Text messages sending support and information to new parents can help improve children’s bedtime routines, according to a new study from the University of Manchester.
The intervention successfully altered early evening routines, improving children’s sleep and parental mood.
As a result of the bedtime text messages sent to parents, children’s sleep increased by an average of 8%, with fewer night-waking episodes. Parental mood was also shown to improve by an average score of 6%, with parents reporting feeling less tense, less tired and reporting higher self-esteem.
The results are published in the journal BMC Pilot and Feasibility studies.
Poor sleep hygiene affects children’s development, school performance, mood and cognitive functioning and development, as well as the well-being of parents. According to the researchers, there is a strong link between the quality of bedtime routines and children’s sleep.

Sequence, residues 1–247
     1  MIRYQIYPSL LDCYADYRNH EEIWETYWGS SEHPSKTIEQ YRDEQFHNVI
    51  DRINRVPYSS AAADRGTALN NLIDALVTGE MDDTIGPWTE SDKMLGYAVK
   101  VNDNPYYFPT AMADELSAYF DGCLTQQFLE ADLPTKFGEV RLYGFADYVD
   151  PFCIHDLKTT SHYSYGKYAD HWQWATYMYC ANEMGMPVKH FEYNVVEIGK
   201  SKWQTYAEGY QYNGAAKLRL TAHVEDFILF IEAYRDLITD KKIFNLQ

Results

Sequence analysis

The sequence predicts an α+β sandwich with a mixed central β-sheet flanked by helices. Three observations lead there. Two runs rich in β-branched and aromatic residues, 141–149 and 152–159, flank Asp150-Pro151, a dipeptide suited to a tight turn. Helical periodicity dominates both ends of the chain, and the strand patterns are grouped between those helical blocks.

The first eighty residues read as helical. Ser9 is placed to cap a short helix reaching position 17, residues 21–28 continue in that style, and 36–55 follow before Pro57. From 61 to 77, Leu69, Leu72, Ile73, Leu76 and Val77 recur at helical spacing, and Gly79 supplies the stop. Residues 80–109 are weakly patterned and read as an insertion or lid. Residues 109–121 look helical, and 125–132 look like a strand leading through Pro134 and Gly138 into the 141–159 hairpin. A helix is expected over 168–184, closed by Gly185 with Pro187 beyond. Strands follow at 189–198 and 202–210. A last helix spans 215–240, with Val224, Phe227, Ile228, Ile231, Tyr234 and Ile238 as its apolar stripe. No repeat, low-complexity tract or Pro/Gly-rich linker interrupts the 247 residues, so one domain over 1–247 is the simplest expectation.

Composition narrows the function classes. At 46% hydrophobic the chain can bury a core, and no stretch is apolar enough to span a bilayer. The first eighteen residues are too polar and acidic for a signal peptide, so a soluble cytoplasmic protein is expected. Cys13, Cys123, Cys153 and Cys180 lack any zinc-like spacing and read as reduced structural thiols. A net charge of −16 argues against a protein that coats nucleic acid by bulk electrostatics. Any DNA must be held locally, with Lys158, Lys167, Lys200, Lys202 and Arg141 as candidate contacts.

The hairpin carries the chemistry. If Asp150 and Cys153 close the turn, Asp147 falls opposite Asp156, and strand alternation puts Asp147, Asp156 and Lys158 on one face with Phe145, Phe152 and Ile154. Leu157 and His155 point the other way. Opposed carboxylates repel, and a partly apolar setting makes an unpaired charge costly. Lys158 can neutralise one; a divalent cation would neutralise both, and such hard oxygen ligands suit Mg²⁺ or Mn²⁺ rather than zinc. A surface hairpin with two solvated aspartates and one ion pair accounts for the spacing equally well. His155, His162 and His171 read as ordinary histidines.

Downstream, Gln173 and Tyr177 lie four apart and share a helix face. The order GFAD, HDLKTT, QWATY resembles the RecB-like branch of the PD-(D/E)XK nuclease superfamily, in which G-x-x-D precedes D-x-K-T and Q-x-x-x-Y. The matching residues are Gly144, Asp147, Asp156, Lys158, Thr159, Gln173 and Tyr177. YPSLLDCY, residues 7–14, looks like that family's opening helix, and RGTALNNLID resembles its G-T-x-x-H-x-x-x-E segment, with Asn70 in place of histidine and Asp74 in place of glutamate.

Fifty first-time parents with children aged between one and three years old were recruited for the study. The researchers designed the text messages together with the parents, which were sent out over seven consecutive nights providing information on achieving an optimal bedtime routine.
Dr Georgios Kitsaras, from UCL and study lead, said: ‘Parents are on the receiving end of, at times, conflicting information and so we need to untie conflicting signals and messages parents receive.’
He added: ‘This lack of a clear consensus-based definition of limits health professionals’ ability to communicate best practice effectively with families.’
The study looked at six critical areas for achieving good bedtime routines: having a consistent bedtime, brushing teeth, reading a book, avoiding food and drink during bedtime, avoiding the use of electronic devices, and undertaking calming activities such as a bath or talking.
The overall quality of bedtime routines improved by an average score of 4.8%, with parents achieving more optimal bedtime routine activities with text message intervention.
Dr Kitsaras explained that this intervention could make a real difference to families. He said: ‘The low cost of the intervention, its adaptability and practicability also make it important in times of strained healthcare budgets and healthcare staff under pressure.’
The pilot study has given researchers optimism for a more extensive future study to explore further the sustained changes in bedtime routines and their long-term implications for children and parents.
This comes after a children’s charity last year warned millions of parents have been unable to access vital early years services.